TOP TEN TEEN MOVIES
When I was growing up, the stories I enjoyed about other teenagers came to me via movies. Like YA fiction, they featured protagonists for whom everything is new and vivid, feelings are intense, and the world is full of possibility. It’s easy to see why these teen stories, whether on page or on screen, have the power to connect with audiences of all ages. With this in mind, here are ten of the teen movies that most touched and inspired me, back then and today.
The Breakfast Club
Perhaps the definitive teen movie. Five angst-ridden teenagers trapped in a Saturday detention. It contains all the types we’ve come to know and expect from teen drama: the jock, the princess, the criminal, the brain, and the basket case. Over the course of the day, the labels are peeled back to reveal common bonds. Watching this movie as a teen, I was mesmerized by Judd Nelson’s air punch, Molly Ringwald’s outfit, but mostly by Ally Sheedy’s dandruff. And then there’s the anthem—“Don’t you forget about me”—which I clearly took to heart.
Rebel Without a Cause
This was my first teen movie experience, and according to some, it invented the concept of the teenager. These young characters feel truly tormented and isolated, violently rebelling against 1950s middle-class conformity with tragic consequences. The knowledge that the three leads all died young makes watching this story even more poignant. James Dean’s desperate cry—“You’re tearing me apart”—is just as heart-wrenching today as it was then.
This ’90s retelling of Jane Austen’s Emma has spoiled airhead Cher (Alicia Silverstone) as its meddling matchmaker. Like its many designer labels, the movie takes an old pattern and restyles it, making it feel fresh, fun, and fashionable. From its memorable slang to its candy-colored wardrobe, Clueless revived the teen movie genre just when it needed a breath of fresh air. It parodies the very rich but Cher is so guileless and well-meaning that you can’t help but be won over.
Ferris Bueller’s Day Off
I think this might be my favorite teen movie. John Hughes’s biggest box office success brims with the irrepressible energy of youth. Matthew Broderick is oh so smooth as the eponymous Ferris, Jennifer Grey bristles and boils as his angry sister, while Alan Ruck as neurotic best friend Cameron adds a darker, more sensitive tone. Overall, though, this movie is a celebration of what it is to be a teen, albeit white and rich. Life, as Ferris tells us, moves pretty fast. If you don’t stop and look around, you might miss it.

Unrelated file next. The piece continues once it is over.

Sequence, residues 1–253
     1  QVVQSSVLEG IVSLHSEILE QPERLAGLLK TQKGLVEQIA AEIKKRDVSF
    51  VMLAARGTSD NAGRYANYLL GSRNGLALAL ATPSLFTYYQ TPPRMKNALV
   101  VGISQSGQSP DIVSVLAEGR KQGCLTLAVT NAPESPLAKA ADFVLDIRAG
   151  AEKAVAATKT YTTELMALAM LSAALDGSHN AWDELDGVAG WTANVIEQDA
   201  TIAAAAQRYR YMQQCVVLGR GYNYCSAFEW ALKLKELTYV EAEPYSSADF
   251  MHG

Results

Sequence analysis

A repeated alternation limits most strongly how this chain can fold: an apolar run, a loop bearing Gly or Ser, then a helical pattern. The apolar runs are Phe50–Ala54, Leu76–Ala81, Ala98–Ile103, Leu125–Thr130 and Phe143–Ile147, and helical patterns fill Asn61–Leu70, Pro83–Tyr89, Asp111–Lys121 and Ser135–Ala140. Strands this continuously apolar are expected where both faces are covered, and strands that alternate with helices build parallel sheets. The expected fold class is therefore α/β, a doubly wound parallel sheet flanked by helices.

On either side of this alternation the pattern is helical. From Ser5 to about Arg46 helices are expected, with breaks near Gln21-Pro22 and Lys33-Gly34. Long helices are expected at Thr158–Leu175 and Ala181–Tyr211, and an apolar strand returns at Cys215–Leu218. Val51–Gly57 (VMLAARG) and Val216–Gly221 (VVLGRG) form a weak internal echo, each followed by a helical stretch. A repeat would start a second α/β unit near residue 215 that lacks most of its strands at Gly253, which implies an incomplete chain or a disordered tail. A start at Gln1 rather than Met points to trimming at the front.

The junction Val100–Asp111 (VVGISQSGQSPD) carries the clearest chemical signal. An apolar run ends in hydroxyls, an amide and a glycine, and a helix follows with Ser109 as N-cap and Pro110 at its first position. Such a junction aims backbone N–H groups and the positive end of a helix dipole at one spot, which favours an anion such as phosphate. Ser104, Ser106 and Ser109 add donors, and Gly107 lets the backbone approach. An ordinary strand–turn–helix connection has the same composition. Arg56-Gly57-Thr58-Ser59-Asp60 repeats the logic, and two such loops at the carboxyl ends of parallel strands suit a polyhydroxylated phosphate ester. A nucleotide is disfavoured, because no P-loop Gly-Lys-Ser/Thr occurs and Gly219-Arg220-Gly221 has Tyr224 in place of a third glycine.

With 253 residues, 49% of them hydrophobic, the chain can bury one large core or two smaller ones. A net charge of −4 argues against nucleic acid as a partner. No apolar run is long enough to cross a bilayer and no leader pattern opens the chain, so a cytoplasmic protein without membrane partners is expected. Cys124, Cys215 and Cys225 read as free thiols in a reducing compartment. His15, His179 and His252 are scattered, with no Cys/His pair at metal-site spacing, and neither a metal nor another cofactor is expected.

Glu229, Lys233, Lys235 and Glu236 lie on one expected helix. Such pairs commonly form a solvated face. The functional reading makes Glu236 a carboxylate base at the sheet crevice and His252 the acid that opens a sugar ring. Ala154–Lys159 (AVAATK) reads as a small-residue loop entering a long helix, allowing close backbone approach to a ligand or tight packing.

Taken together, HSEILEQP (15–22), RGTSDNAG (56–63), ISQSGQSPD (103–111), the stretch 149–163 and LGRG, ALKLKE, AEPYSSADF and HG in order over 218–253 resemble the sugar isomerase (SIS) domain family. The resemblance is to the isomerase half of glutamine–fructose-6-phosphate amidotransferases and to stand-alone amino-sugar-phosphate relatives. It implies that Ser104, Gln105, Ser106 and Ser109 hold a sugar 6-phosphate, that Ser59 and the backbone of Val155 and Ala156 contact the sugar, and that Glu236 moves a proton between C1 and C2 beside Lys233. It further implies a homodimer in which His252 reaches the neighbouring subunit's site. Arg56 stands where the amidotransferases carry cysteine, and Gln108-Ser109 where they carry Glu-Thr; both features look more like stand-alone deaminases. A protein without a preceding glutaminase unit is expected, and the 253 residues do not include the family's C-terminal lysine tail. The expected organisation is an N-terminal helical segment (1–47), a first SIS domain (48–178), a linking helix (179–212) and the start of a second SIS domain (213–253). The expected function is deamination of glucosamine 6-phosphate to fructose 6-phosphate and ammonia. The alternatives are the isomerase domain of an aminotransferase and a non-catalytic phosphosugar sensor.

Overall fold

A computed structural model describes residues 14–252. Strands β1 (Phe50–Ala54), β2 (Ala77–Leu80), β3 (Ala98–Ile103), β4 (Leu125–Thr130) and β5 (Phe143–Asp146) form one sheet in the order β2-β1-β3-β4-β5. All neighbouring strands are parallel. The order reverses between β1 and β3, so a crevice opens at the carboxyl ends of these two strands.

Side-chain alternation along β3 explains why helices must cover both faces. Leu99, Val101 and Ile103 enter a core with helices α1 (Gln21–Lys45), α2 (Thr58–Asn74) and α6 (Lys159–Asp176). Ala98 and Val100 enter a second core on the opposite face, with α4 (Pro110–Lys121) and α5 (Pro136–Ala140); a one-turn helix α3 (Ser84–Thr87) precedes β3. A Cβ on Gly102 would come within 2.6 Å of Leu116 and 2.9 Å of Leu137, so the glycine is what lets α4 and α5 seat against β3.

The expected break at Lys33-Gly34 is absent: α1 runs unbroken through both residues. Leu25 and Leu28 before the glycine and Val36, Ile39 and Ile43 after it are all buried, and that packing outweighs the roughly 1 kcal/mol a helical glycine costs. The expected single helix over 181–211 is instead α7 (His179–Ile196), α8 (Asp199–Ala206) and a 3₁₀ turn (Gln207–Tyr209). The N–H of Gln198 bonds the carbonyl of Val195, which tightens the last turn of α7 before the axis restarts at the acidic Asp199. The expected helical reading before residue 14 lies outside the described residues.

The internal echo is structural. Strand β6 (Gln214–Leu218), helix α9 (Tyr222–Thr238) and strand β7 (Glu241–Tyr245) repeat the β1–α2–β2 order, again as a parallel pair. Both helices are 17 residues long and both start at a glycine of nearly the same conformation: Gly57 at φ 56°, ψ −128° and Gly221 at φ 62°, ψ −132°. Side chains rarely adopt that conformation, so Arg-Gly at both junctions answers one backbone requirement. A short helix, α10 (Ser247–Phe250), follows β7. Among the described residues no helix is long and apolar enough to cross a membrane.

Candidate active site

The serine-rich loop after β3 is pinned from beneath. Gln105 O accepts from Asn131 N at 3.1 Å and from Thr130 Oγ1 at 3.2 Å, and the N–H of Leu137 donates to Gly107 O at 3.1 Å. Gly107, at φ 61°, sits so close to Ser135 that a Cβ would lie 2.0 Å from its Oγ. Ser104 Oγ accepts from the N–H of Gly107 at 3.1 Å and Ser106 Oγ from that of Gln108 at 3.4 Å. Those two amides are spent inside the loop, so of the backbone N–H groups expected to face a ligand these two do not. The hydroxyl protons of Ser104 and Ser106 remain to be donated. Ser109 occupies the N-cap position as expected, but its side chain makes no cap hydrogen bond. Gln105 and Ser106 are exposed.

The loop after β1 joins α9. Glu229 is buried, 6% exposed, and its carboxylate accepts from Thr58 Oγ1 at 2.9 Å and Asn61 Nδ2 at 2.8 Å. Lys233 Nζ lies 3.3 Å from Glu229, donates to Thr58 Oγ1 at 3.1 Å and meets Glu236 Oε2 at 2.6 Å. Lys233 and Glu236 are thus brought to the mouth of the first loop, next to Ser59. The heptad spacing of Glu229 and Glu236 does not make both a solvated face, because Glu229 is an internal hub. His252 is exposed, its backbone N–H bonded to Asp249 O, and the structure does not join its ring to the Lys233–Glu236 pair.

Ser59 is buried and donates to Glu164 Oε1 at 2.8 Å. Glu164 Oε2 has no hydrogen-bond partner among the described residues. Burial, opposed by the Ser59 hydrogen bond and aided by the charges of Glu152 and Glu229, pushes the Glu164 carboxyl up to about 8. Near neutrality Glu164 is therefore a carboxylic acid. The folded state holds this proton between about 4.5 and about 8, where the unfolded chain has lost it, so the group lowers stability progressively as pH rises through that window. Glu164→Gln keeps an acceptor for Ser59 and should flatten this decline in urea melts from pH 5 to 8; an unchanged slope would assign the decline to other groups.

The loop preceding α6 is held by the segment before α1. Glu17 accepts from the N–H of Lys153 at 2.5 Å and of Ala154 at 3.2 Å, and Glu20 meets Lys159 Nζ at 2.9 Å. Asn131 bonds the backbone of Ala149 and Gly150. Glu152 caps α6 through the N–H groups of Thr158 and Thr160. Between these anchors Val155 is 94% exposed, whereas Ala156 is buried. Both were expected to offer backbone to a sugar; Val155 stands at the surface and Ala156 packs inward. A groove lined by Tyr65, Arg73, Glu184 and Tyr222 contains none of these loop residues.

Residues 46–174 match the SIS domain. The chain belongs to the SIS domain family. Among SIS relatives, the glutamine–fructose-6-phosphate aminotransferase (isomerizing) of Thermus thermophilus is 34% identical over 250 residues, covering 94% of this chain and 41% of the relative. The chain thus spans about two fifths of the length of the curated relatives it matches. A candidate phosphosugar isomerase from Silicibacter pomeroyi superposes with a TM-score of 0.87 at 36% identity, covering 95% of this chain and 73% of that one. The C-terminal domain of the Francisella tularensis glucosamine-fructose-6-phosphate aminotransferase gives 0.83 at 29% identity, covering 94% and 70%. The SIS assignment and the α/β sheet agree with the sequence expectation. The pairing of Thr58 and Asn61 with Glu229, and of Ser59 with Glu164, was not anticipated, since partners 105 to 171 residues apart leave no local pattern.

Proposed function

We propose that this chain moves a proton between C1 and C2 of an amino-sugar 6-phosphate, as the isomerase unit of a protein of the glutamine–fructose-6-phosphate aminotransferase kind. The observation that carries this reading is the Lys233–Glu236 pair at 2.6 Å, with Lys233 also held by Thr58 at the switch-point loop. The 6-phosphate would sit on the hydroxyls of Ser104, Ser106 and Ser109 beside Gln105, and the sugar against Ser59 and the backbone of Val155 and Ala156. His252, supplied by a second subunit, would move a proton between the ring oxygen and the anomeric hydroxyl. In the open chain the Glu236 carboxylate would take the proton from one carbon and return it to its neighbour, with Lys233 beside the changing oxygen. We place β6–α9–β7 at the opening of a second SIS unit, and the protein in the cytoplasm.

Diablo Cody’s clever, funny script and Ellen Page’s winning performance make Juno a teen movie that transcends this genre. It’s a story of teen pregnancy that’s heart-warming as well as sharply observed. Refusing to be a victim, Juno takes matters into her own hands and finds prospective parents for her unborn child. Jennifer Garner shines as the uptight woman desperate to be a mother, while Jason Bateman plays her failed rock star husband who turns out to be more of a teenager than Juno herself. A sweet story with plenty of sharp edges to pierce any potential sentiment.
This cult classic has a mind-bending plot, a great ’80s soundtrack, an unsettling atmosphere, and arresting visuals, including a seven-foot, skull-faced bunny who first visits Donnie while he is out sleepwalking the night before a plane’s engine crashes into his bedroom. Jake Gyllenhall plays the teen with these almost mystical hallucinations about the end of the world. Though the film defies full interpretation (at least to me), it is a disturbing, engrossing watch that, by the end, has real emotional impact.
I just couldn’t leave this one out: one of the most successful musical movies of all time. I watched it at an impressionable age and was swept away by its sheer energy and sense of fun. Who can forget Sandy and Danny, Rydell High, the T-birds, and Pink Ladies, but mostly the songs that are irresistibly catchy? The leads, though far from teenagers themselves, embrace their roles with style and vitality, and special mention has to go to Stockard Channing who simmers with attitude. Love it or not, this movie has become an important part of American culture.
Cameron Crowe’s directorial debut is a tale of first love between a seemingly ill-suited pair: the laid-back, underachieving, optimistic Lloyd (John Cusack) and the detached, valedictorian, college-bound Diana (Ione Skye). The film’s most memorable moment is Cusack holding a boom box above his head outside of Skye’s window. But the movie is full of funny and touchingly honest lines that make this warm and engaging teen romance a cut above most.
I watched this 1980s Dublin-set movie only last year and fell for this story of how music offers an escape from the strains of home and school life. Fourteen-year-old Conor tries on the mantle of various musical styles—writing lyrics, shooting videos, sporting fashions—in an effort to find his own voice. He starts the band to win the heart of a wannabe model and orphan who is planning her own getaway to England. However, the film is as much about brotherly love as it is about romance. Both nostalgic and hopeful, the tone is just as Conor describes the music of The Cure: “happy sad.”
The Last Picture Show
I’ve left this one for last as I’m hesitant to pigeonhole it. It’s one of cinema’s greats, dealing with the end of an era —for the local picture house, for the dying Texan town, for the Wild West and a type of American man, and for a group of teenagers on the brink of adulthood. Many of the struggles of adolescent life are dramatized here. Friendship and romance, confusion and ignorance are brought to life by Timothy Bottoms, Jeff Bridges, and Cybill Shepherd. However, it is the bleak, wind-swept backdrop that they are set against, and the lives of the larger cast of townspeople that they are connected to that make this story so profound.